Rights as a Stockholder.  Except as otherwise provided in the warrants or by virtue of such holder’s ownership of shares of our common stock, the holder of a warrant does not have the rights or privileges of a holder of our common stock, including any voting rights, until the holder exercises the warrant.


Representatives’ Warrants


The representative’s warrants will be exercisable at any time, and from time to time, in whole or in part, during the four-year period commencing one year from the effective date of the registration statement at a per share exercise price equal to 125% of the public offering price per share of common stock in the offering.




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The exercise price and number of shares of common stock issuable upon exercise of the warrants may be adjusted in certain circumstances including in the event of a stock dividend, extraordinary cash dividend or our recapitalization, reorganization, merger or consolidation. However, the warrant exercise price or underlying shares will not be adjusted for issuances of shares of common stock at a price below the warrant exercise price.


Transfer Agent


The transfer agent and registrar for our Common Stock is Pacific Stock Transfer Company, Corporate Office, 173-3 Keith Street, Warrenton, VA 20186.


Florida Anti-Takeover Law and Certain Charter and Bylaw Provisions


Certain provisions of Florida law and our Charter and bylaws could make it more difficult to acquire us by means of a tender offer, a proxy contest or otherwise, or to remove incumbent officers and directors. These provisions, summarized below, may discourage certain types of takeover practices and takeover bids, and encourage persons seeking to acquire control of our company to first negotiate with us. We believe that the potential ability to negotiate with the proponent of an unfriendly or unsolicited proposal to acquire or restructure us outweigh the disadvantages of discouraging such proposals because, among other things, negotiation of such proposals could result in an improvement of their terms.


Florida Law


As a Florida corporation, we are subject to certain anti-takeover provisions that apply to public corporations under Florida law.


Pursuant to Section 607.0901 of the Florida Business Corporation Act, or the FBCA, a publicly held Florida corporation may not engage in a broad range of business combinations or other extraordinary corporate transactions with an interested shareholder without the approval of the holders of two-thirds of the voting shares of the corporation (excluding shares held by the interested shareholder), unless:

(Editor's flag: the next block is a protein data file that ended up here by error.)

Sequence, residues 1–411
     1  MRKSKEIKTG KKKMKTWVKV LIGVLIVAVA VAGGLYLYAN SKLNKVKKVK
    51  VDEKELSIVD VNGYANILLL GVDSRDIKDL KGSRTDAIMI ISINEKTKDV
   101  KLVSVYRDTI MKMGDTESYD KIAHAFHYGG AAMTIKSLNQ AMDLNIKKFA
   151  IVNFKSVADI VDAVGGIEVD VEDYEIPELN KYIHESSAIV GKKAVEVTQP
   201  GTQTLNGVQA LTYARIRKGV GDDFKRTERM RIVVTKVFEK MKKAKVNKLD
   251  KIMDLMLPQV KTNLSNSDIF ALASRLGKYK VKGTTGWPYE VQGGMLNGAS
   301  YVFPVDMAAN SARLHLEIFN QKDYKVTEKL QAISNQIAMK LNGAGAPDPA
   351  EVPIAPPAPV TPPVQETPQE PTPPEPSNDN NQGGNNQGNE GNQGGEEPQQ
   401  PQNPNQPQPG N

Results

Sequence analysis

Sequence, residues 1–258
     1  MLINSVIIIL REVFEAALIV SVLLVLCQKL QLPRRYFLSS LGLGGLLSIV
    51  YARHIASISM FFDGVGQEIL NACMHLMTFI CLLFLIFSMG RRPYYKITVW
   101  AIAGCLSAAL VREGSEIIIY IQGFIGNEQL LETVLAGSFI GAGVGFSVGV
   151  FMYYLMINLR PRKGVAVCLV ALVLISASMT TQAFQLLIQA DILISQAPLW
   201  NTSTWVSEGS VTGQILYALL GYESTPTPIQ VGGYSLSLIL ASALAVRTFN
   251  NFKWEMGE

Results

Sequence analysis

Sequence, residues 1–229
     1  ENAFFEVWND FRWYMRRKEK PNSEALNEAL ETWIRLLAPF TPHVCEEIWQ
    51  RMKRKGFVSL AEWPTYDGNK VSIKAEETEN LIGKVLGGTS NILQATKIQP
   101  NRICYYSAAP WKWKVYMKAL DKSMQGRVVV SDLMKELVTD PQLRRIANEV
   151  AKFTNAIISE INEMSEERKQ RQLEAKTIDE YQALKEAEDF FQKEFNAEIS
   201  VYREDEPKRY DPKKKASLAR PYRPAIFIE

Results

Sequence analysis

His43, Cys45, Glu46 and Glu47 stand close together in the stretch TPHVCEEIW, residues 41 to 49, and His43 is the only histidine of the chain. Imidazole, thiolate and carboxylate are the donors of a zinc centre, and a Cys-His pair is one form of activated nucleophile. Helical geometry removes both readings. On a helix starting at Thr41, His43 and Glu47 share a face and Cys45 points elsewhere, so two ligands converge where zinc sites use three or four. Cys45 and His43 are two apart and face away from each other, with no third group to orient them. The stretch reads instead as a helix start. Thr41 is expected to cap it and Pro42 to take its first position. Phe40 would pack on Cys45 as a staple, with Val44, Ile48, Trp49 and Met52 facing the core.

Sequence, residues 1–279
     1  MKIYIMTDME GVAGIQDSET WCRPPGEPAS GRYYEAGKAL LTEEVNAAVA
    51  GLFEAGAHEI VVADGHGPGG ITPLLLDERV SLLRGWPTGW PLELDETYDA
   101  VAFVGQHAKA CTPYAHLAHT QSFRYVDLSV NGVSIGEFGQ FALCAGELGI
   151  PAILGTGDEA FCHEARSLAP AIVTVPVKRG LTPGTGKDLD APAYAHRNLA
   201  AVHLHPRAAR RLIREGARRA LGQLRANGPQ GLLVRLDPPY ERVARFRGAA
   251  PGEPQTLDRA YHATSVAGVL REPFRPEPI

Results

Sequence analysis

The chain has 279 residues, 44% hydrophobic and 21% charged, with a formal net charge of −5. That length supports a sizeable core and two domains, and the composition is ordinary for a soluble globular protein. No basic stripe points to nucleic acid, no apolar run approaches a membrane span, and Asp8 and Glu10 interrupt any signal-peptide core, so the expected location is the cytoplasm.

The transaction is approved by a majority of disinterested directors before the shareholder becomes an interested shareholder;


The interested shareholder has owned at least 80% of the corporation’s outstanding voting shares for at least five years preceding the announcement date of any such business combination;


The interested shareholder is the beneficial owner of at least 90% of the outstanding voting shares of the corporation, exclusive of shares acquired directly from the corporation in a transaction not approved by a majority of the disinterested directors; or


The consideration paid to the holders of the corporation’s voting stock is at least equal to certain fair price criteria.


An interested shareholder is defined as a person who, together with affiliates and associates, beneficially owns more than 10% of a corporation’s outstanding voting shares. We have not made an election in our amended Articles of Incorporation to opt out of Section 607.0901.


In addition, we are subject to Section 607.0902 of the FBCA which prohibits the voting of shares in a publicly held Florida corporation that are acquired in a control share acquisition unless (i) our Board of Directors approved such acquisition prior to its consummation or (ii) after such acquisition, in lieu of prior approval by our Board of Directors, the holders of a majority of the corporation’s voting shares, exclusive of shares owned by officers of the corporation, employee directors or the acquiring party, approve the granting of voting rights as to the shares  acquired in the control share acquisition. A control share acquisition is defined as an acquisition that immediately thereafter entitles the acquiring party to 20% or more of the total voting power in an election of directors.



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SHARES ELIGIBLE FOR FUTURE SALE


Future sales of substantial amounts of our common stock in the public market, including shares issued upon exercise of outstanding warrants, or the anticipation of these sales, could adversely affect prevailing market prices from time to time and could impair our ability to raise equity capital in the future.


Based on the number of shares of common stock outstanding as of June 9, 2017, after giving effect to the closing of this offering we will have 4,352,000 shares of common stock outstanding (which number includes the conversion of $1,307,387 of certain debt obligations and related accrued interest into 261,477 shares of our common stock upon completion of this offering), assuming (1) no exercise of the underwriters’ option to purchase additional shares of common stock and (2) no exercise of outstanding warrants. Of those shares, all of the shares sold in this offering will be freely tradable, except that any shares held by our “affiliates,” as that term is defined in Rule 144 under the Securities Act, or Rule 144, may only be sold in compliance with the limitations described below.


Rule 144